An outspoken public figure with a reputation for being highly opinionated, former Conservative politician turned writer, broadcaster and media personality, Edwina Currie is best known for her two years as a Junior Minister within the Department of Health under Margaret Thatcher’s government.
Her varied and active involvement with government and current affairs, coupled with her latter career as media personality and writer, make Edwina Currie an ideal after dinner speaker for corporate and association event or keynote speaker for conferences and seminars.
She was born and brought up in Liverpool, and attended the same school (Liverpool Institute) as Paul McCartney and George Harrison. Despite spending hours in The Cavern listening to great music, she won a scholarship to Oxford where she read Philosophy, Politics and Economics.
A short stint with Arthur Andersen and a Master's degree at LSE in Economic History followed. Then, for nine years, she was a teacher and lecturer.
With marriage and two daughters, Edwina embarked on career no 1: politics. She was elected to Birmingham City Council and served as chairman of Housing, of Social Services and of the local health authority, all good grounding for election to Westminster in 1983 as MP for South Derbyshire. She is proud of her role in transforming the constituency from an old coal-mining area to the home of car manufacturing giant, Toyota.
Edwina Currie was on the first team to tackle AIDS/HIV in Britain (the "tombstones" campaign), brought in screening for both breast and cervical cancer, encouraged the public towards healthier lifestyles, and helped persuade the British to cut down smoking.
In December 1988, faced with over 500 victims a week with serious food poisoning through eggs (and over 60 deaths that year), Edwina issued a warning about salmonella in British eggs. The statement commented that "most of the egg production in this country, sadly, is now affected with salmonella", which sparked outrage among farmers and egg producers, causing egg sales in the UK to decline rapidly, by 60 percent. The controversy gained her the nickname "Eggwina" and she was forced to resign as Parliamentary Under-Secretary of State for Health.
However, she had, in fact, been right. Long after the furore died down, in 2001 it was revealed that a covered-up Whitehall report produced several months after Edwina Currie's resignation revealed that there had been a "salmonella epidemic of considerable proportions".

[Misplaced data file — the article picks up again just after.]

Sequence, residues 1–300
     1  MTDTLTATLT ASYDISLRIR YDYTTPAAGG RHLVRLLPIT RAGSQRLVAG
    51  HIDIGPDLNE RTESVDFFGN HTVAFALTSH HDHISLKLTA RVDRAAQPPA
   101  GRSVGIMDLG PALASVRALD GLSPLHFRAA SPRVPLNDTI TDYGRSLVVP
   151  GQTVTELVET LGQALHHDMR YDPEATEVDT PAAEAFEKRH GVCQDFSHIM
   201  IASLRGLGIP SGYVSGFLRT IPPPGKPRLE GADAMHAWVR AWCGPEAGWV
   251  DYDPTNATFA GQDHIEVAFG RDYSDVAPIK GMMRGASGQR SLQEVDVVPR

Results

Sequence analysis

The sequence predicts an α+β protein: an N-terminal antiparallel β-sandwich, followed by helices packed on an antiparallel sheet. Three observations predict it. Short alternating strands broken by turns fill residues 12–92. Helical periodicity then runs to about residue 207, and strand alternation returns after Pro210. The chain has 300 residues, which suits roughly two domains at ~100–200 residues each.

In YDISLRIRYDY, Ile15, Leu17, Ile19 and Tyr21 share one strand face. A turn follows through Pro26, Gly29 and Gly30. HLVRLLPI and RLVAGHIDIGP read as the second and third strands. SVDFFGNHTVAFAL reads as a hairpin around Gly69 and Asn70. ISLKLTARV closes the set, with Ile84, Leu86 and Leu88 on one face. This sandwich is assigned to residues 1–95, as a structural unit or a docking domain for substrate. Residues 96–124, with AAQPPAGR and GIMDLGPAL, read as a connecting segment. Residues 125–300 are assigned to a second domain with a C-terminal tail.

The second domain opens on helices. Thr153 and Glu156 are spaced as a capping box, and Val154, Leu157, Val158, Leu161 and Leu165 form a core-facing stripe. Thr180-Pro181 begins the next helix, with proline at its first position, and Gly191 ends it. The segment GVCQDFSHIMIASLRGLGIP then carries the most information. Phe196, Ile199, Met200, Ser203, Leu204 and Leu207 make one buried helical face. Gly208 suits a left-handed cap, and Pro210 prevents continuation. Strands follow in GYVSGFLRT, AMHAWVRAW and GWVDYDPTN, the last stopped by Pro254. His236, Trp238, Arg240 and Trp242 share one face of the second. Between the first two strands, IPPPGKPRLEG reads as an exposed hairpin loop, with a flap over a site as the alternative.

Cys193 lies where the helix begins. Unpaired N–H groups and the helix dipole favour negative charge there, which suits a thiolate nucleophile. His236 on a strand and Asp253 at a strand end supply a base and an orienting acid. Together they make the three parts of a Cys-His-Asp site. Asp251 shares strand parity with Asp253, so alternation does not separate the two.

As a backbencher, Edwina Currie turned her talents to writing books. Altogether she has eleven to her name (so far!), including best-selling novels A Parliamentary Affair and A Woman's Place. Her Diaries 1987-1992 caused a stir on publication in 2002, when curious goings-on at Westminster were revealed. Ten years on, Diaries 1992 -1997, covering the last Tory government and the rise of Tony Blair, has also attracted lively comment. In 1997, Edwina lost her parliamentary seat, thus bringing to an end 14 years in elected office.
Her third career has been in the media where she is a well-known commentator, appearing on the Nolan show (BBC Radio 5), Jeremy Vine (Radio 2, Woman's Hour (Radio 4), Sky News, BBC Breakfast News etc. She presented her own radio programme, Late Night Currie for five years on Radio 5, and TV including Currie Night for HTV.
Edwina has also featured in popular TV programmes including Hell's Kitchen, Come Dine with Me (twice), Wife Swap (with husband John Jones), The Chase and Pointless. She won Celebrity Mastermind in 2004, with her special subject The Life of Marie Curie, but did not do so well on Strictly Come Dancing (2011).
Edwina's awards include Speaker of the Year, 1990, Association of Speakers' Clubs; Campaigner of the Year, 1994, Spectator Highland Park, for the campaign on gay rights. Fellow MP Julian Critchley said of her: "Edwina has a brass neck, a silver tongue and a golden pen." while former colleague, journalist Matthew Parris, has written, "Edwina is the best communicator the Tories have”.